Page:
Today, I'm going to delve into the fascinating history of jazz dance. Like ballet, jazz dance has played a fundamental role in understanding modern and contemporary dance styles. As we explore the world of jazz dance, it becomes evident that its varieties reflect the diversity of American culture. This dance form not only echoes the social history of the American people, but also reflects ethnic influences, historical events, and cultural changes.
To understand the history of jazz dance, it is crucial to go back to the origins of jazz music and jazz dance. Both have their roots in the rhythms and movements brought to America by African slaves. The African dance style involved earthy movements, bent knees, an emphasis on body isolation and rhythmic applause. This is just one example of the many tribal forms that were found throughout Africa.
When slaves were brought to America starting in the 17th century, they were cut off from their families, languages, and tribal traditions. However, this resulted in a unique cultural interaction where Africans of diverse origins created a new culture that incorporated both African and European elements.
Suppression and Changes
In 1740, the “Slave Law” prohibited slaves from playing African drums or performing African dances. However, this prohibition did not suppress the desire to maintain these parts of their cultural identity. Slaves adapted their traditions, incorporating elements such as gospel and tap dancing to replace the rhythms they lost.
The rhythms and movements of African dance, such as foot tapping, hand marking and rhythmic vocal sounds, were woven into what we now call jazz. African culture and history have left an indelible mark on jazz dance, despite challenges and obstacles.
Minstrel Shows and Difficulties
In the 19th century, white American artists began to appropriate the music and dance of enslaved people. The so-called “minstrel shows” were spectacles that mocked the lives of slaves and popularized African dance and music with white dancers as stars. This phenomenon is, today, clearly a problematic cultural appropriation.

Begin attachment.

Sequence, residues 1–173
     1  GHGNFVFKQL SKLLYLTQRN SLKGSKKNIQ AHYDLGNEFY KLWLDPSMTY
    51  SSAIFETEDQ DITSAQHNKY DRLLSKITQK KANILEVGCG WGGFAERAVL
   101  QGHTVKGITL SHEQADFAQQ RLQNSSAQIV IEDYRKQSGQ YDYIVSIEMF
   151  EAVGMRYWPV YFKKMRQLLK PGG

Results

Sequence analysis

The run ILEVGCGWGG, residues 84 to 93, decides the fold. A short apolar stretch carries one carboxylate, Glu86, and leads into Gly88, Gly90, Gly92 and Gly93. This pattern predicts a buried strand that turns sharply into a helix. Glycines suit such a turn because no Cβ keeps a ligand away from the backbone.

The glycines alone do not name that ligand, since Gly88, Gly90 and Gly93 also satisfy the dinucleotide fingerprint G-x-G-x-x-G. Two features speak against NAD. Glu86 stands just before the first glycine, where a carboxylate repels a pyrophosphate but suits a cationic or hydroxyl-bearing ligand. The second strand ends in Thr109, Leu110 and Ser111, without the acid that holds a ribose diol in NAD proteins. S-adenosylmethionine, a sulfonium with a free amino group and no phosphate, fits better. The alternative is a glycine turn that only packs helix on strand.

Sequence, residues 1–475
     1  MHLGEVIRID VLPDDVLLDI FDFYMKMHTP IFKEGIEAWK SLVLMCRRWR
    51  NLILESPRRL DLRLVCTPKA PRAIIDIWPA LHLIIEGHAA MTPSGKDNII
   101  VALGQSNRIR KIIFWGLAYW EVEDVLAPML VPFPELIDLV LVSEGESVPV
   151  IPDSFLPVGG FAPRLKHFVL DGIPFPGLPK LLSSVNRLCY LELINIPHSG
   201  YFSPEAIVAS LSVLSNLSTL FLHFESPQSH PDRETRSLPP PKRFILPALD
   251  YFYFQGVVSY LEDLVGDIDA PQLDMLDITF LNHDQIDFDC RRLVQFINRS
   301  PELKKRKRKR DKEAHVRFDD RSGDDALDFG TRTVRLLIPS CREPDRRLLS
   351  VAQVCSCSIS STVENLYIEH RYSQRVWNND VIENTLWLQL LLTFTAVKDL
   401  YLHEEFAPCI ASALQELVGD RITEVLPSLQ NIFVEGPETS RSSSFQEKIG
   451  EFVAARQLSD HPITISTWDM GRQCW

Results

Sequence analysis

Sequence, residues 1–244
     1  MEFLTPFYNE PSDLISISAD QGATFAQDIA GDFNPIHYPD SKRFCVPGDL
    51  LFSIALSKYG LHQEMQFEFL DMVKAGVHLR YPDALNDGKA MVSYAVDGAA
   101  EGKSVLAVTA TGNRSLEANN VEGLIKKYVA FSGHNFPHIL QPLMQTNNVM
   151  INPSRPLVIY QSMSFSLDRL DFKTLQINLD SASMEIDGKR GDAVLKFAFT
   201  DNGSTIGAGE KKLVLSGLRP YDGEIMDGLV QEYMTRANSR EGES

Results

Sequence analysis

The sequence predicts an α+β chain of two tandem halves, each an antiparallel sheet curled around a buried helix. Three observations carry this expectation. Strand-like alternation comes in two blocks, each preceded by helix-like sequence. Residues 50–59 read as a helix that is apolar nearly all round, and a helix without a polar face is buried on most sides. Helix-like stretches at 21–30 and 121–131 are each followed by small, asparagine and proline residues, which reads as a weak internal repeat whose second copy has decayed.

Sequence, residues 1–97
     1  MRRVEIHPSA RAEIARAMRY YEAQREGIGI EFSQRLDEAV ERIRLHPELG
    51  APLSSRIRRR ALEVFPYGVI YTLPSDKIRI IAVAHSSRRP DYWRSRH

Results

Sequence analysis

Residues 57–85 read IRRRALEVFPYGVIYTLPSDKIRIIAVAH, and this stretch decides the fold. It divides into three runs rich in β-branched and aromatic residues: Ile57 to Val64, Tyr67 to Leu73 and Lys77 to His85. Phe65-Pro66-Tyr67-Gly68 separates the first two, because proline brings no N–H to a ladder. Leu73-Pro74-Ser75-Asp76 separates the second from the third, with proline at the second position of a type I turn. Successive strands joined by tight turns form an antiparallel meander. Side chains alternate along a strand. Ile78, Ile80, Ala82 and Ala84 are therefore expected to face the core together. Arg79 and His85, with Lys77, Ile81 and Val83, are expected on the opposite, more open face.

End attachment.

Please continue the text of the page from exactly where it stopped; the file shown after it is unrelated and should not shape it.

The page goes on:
These shows made it difficult for African-American dancers to gain prominence, even in shows that explored their own culture. Many African-American dancers migrated to Europe, where they introduced new forms of jazz music and dance.
The Great Migration and the Jazz Age
The Great Migration, which occurred after World War I, saw many African Americans from the southern United States move north in search of manufacturing jobs. They brought parts of their culture with them, helping to spread jazz from New Orleans to Chicago, New York, and then back to Europe.
During the 1920s, Dixieland jazz, with its frenetic rhythm and ragtime base, spread. Jazz dancing was directly linked to the musical genre, moving from the clubs of New Orleans to the big cities from the north and, again, to Europe.
The Birth of Charleston and Bill Robinson
In 1923, the Charleston was introduced and quickly adopted by Americans. It was a dance that brought elements of body isolation and beating of hands and feet, directly linking to the African origins of the dance. Around this time, Bill “Bojangles” Robinson, a black tap dancer, achieved worldwide fame with his clear, rhythmic performances.
Tap dance evolved from the Irish jig, incorporating limited body movements. Robinson's influence led to a change in the way tap steps were performed, moving from the entire foot to the toe, making the dance much lighter.
The Swing Era and Fred Astaire